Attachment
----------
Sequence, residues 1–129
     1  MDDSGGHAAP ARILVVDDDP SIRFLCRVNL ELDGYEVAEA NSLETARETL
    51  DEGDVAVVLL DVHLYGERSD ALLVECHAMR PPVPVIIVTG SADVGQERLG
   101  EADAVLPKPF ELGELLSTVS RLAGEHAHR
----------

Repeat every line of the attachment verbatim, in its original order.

Sequence, residues 1–129
     1  MDDSGGHAAP ARILVVDDDP SIRFLCRVNL ELDGYEVAEA NSLETARETL
    51  DEGDVAVVLL DVHLYGERSD ALLVECHAMR PPVPVIIVTG SADVGQERLG
   101  EADAVLPKPF ELGELLSTVS RLAGEHAHR